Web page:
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Being Bilingual Has Surprising Benefits, Studies Show

More reason to raise children who can speak both Filipino and English.
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While the ability to speak two languages or more might come in handy when communicating with foreigners and while traveling, bilingualism provides much more than social benefits. Scientific studies show that those with the ability to speak a language apart from their native tongue have brains that function differently from those who are monolingual. For bilinguals, specific regions of the brain work differently; some regions are more active in performing linguistic tasks. Juggling two or more language is a difficult feat.

What makes a bilingual brain? Merely mastering the basic words fed to us in a single semester of foreign language class in college will not qualify someone as bilingual. Language ability is measured in speaking, reading, writing, and listening. There are different ways of earning that bilingual status. You can either learn it as a young child when your mind absorbs two languages simultaneously. Or as an adult, when your mind translates the new language using your first language.

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While there are similarities between the bilingual and monolingual brain, here are a few of their differences:

1. It can delay the onset of diseases such as Alzheimer’s and dementia.

Neuroscientist Ellen Bialystok explains that as dementia starts to do its damage, “bilinguals seem to use their intact structures more than monolinguals to compensate for failures” in the parts where dementia has taken its toll.

2. Bilinguals may focus better on a task while filtering out irrelevant information.

In a study by the Journal of Experimental Child Psychology Vol. 128, it was found that bilingual children were more in control of cognitive functions than monolingual children when carrying out a task where an interference was in play. The bilingual children displayed an ability to successfully ignore the disruption and any other information unrelated to their task. This is because bilinguals possess the ability to “constantly solve the competition between their two language repertoires” and there’s that simultaneous thought activity that comes with filtering out one of the languages when using the other.

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3. They’re also better at multitasking.

With the ability to suppress irrelevant information, being bilingual makes it easier for people to switch between tasks without becoming confused, according to a study by Katrin Weigman. The reaction time when switching between tasks is called “switch costs” and it was found during an experiment that bilinguals have a lower switch cost than monolinguals.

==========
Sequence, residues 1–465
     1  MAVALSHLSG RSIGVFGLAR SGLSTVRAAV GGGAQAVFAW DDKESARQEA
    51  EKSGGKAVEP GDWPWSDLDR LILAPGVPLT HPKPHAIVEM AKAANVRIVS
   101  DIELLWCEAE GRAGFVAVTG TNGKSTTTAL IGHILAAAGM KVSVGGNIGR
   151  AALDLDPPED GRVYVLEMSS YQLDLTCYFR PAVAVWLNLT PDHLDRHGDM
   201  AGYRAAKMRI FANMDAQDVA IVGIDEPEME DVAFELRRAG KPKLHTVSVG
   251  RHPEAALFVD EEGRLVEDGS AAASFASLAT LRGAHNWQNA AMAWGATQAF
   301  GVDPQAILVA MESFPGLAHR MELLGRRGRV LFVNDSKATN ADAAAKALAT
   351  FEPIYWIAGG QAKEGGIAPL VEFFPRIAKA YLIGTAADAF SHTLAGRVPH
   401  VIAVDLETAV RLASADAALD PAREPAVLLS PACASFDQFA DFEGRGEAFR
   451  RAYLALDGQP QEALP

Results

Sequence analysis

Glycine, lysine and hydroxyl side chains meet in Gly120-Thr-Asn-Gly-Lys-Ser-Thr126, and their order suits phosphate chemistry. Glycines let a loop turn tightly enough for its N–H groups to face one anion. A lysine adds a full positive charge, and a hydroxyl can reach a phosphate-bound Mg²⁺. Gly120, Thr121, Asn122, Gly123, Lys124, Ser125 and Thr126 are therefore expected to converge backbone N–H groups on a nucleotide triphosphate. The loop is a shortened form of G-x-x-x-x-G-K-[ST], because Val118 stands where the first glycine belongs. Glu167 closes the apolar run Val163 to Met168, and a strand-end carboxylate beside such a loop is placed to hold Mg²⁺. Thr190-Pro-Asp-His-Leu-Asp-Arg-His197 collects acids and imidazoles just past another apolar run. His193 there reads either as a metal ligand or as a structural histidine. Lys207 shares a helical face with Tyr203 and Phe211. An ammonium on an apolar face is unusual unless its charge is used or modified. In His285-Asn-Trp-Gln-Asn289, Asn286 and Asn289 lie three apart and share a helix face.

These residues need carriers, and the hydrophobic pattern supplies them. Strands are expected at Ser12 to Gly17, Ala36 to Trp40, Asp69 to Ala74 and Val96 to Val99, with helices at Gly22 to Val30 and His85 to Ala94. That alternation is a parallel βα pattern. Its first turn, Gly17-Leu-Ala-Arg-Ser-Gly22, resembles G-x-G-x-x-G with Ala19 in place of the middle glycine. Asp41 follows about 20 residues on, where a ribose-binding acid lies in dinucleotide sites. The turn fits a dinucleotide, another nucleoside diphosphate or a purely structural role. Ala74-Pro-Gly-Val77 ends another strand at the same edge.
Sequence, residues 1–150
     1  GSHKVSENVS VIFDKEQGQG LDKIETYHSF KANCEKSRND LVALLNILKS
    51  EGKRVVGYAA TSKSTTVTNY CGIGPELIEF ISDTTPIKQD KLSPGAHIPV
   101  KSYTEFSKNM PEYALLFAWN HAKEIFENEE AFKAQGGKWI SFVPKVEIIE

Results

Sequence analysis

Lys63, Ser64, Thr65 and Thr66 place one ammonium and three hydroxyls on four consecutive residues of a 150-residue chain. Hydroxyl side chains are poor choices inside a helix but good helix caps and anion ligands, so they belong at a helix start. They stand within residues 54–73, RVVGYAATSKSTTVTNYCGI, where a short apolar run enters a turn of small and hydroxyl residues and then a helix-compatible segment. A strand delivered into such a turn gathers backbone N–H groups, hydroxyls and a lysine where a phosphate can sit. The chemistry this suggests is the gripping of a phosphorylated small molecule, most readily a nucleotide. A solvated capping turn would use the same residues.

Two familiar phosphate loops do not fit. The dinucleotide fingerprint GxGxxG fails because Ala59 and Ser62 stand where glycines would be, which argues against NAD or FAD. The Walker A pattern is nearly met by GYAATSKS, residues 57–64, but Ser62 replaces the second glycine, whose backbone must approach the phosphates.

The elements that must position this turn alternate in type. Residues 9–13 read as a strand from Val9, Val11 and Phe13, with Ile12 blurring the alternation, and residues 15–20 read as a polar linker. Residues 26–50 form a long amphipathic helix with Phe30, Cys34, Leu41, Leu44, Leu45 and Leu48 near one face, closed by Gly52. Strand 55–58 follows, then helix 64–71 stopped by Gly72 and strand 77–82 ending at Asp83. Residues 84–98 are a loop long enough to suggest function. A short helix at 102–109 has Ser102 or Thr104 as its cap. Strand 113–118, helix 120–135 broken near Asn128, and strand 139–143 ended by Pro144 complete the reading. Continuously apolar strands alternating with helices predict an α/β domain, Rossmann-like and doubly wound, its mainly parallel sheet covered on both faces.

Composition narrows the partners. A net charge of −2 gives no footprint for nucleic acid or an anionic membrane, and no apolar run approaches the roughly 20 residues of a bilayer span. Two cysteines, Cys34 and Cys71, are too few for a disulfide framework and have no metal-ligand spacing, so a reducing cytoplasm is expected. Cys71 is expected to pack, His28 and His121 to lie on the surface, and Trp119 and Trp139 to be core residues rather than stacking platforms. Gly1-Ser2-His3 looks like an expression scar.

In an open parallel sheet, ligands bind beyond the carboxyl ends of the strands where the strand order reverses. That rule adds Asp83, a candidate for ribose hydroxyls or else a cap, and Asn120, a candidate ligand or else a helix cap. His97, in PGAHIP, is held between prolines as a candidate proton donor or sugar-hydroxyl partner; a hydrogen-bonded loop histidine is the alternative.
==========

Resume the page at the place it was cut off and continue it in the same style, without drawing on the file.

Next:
4. Bilinguals may have an advantage in algebra or symbol math.

Experiments in a study called Bilingualism and Symbolic Abstraction: Implications for Algebra Learning suggests that both monolinguals and bilinguals fared the same when it came to solving basic math problems. When presented with symbol math, bilinguals fared better. This suggests that they may have an edge due to their ability to separate symbols from their referents. Naturally, it’s been reported that bilinguals have a better understanding of written symbols.

5. A case study proved faster stroke recovery and better protection after brain injury in bilinguals.

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A study conducted by Thomas Bak with 600 stroke survivors in India showed results that those who were bilingual were twice as likely to recover their cognitive skills.

If you’d like your children to grow up bilingual, raise them to be fluent in one language first, preferably Filipino, and then later have them take on a second, third, and so on. Ultimately, mastering your native language first might help you with that second one.

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About The Author
Hannah Lazatin
Senior Staff Writer
Hannah is a communications graduate from Ateneo de Manila University. She’s originally from Pampanga and from a big, close-knit family who likes to find a reason to get together at the dinner table. Experiences inspire her. “Once, at a restaurant, I received an interpretation of my second name ‘Celina,’ and it meant 'someone who tries everything once' and that is me through and through,” she says. As for the job, she wants her “readers to be inspired by the stories of the people we feature and to move them to reach for greater things.”
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